So I read this article by Bob Pockrass, ESPN's NASCAR writer. It basically says that NASCAR has chased money and left smaller tracks that have a history in NASCAR feel disconnected from the NASCAR world with their local short track series. He talks about how Winston did a lot for the small tracks and you still see Winston logos around these tracks, 15 years after they left the sport.
It's a fairly decent article, and brings up a good point. Every time they run a short track race, just like this weekend at Bristol, the drivers and fans love it and want more gritty short track racing. The truck series runs at Tony Stewart's dirt track Eldora every summer, and it's a fun event and when that gets ran, people say that a weeknight race would be very cool to see in the top series. Brad Keselowski is a big proponent of this, and would be considered the poster boy of the weeknight race movement.
So in my typical fashion, I ran with an idea. I had huge plans, but couldn't come up with much graphics outside of a logo. Think of this as a big connected series with my race track restoration concepts. Did you know the day after the MLB All Star game is the only day of the year there isn't any scheduled game of the big 4 sports? I would want to take advantage of that.
Introducing the Roots Derby.
So this is a mix of the Winter Classic and the Kraft Hockeytown events. The tracks listed above hosted the Cup series at one point, and all are in the Southeastern USA, or close to Kentucky, a trip that would be manageable on a short week. Each year, the host track would be announced and on a rotating basis would host a single cup race for the first time in decades. The idea would be that renovations up to spec give these tracks as close to a cup facilities they can, and letting the track keep most of those things. That includes fences, SAFER barriers in the turns, and pit walls when needed. No repaving or anything, just the simple fixes and a fresh coat of paint. NBC Sports could broadcast out of a mobile studio, instead of the equivalent of a high school football media center.
Also split the cost of a new leaderboard branded with Monster logos.
(This is Talladega, but very similar to what most tracks have)
Well what about seating? I've looked at the capacities, and most of these are around 10,000. I propose decent sized temporary grandstands, like a street circuit. Why? Well there's a few reasons. A track like Gresham Motorsports Park doesn't need 40,000 seats permanently, but would take a small expansion. NASCAR tracks also make more TV money than ticket money, something there would be an explosion of when you only have to compete against the WNBA and the AAA baseball All Star Game. Most, if not all of these tracks are in big spaces of land, so temporary seats would be easy to accommodate. Not to mention, these tracks don't have the amenities to host much more fans than they can already. Lastly, you won't have people driving from out of town for a Wednesday night race, so mostly locals would be at this event.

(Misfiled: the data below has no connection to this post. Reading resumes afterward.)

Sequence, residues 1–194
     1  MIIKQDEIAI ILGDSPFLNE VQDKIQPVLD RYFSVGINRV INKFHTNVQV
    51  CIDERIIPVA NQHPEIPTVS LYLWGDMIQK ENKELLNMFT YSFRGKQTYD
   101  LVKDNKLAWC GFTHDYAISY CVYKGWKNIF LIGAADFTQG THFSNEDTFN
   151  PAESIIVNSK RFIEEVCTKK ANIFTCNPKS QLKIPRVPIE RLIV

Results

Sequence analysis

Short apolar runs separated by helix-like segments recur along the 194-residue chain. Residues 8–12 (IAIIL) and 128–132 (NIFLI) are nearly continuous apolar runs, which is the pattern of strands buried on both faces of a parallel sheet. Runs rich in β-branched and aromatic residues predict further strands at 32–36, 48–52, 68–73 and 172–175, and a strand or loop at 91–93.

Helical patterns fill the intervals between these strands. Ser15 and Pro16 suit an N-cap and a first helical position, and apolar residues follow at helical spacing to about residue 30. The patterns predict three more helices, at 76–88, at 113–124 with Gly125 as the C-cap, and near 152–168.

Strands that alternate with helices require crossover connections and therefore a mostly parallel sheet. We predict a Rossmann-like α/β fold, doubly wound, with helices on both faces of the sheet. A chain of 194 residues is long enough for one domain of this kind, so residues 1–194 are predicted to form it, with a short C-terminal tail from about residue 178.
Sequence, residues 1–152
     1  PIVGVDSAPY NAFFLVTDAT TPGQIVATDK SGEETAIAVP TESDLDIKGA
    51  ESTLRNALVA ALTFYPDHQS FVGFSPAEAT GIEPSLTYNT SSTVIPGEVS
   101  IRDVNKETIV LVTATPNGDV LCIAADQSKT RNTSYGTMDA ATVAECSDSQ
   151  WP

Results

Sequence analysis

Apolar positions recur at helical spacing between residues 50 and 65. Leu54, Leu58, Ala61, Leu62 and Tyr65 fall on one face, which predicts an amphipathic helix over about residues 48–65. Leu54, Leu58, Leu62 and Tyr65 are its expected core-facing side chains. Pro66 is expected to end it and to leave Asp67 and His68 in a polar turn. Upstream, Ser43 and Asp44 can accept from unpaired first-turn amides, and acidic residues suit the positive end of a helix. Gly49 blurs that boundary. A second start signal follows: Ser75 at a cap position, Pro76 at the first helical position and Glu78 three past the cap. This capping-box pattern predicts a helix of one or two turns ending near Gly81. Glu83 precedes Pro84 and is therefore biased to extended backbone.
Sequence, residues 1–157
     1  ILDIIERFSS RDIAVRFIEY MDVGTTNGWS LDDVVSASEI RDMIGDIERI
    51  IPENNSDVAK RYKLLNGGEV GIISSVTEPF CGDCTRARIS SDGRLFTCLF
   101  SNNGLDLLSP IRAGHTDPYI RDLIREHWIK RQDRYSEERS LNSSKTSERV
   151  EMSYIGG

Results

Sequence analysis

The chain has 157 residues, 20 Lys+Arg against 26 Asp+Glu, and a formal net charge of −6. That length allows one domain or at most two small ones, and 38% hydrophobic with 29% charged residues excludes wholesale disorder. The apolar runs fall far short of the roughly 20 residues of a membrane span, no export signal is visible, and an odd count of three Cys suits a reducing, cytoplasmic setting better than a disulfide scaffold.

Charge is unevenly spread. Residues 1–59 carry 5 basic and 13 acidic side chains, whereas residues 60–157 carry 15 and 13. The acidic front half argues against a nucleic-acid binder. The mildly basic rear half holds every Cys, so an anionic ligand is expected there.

That brings me to another point, this race would be 300 laps. Segment wise, 75-75-150. Bristol and Martinsville run 500 laps, which is great but just so long. More and more people are advocates of shortening races, and this would be a good platform to do this. A 500 lap race on a weeknight would take forever, especially if there is a delay.
Cup would take up the whole day on the track. Do practice during the day, qualifying at about 6, and race at 7:30. The day before would be all to the local promoters. Asphalt racing pales in comparison to dirt tracks on a weekly basis. My idea is to have a Stock Showcase, a televised appetizer to the event the next day. This would be where the track makes most of it's money. Have locals get some spotlight and possibly a doorway to the better series. The main event purse would be significant, something a lot of small time racers would value. I don't imagine a back marker NASCAR team offering a ride in the Roots Derby due to NASCAR licensing, but hey maybe a streamlined process could get these guys in.
Finally, financials. Split the Roots Derby cash between the promoters, NBC Sports, and whoever else gets a cut(me, it was my idea after all). The track would have a decent nest egg to possibly renovate media centers to get a legit shot at hosting some form of NASCAR on the regular.
I think that's it! A lot to take in after about 3 weeks of planning. If you're somehow brought here from twitter or whatever, check out this big thread where I have a fictional track company and I renovate tracks.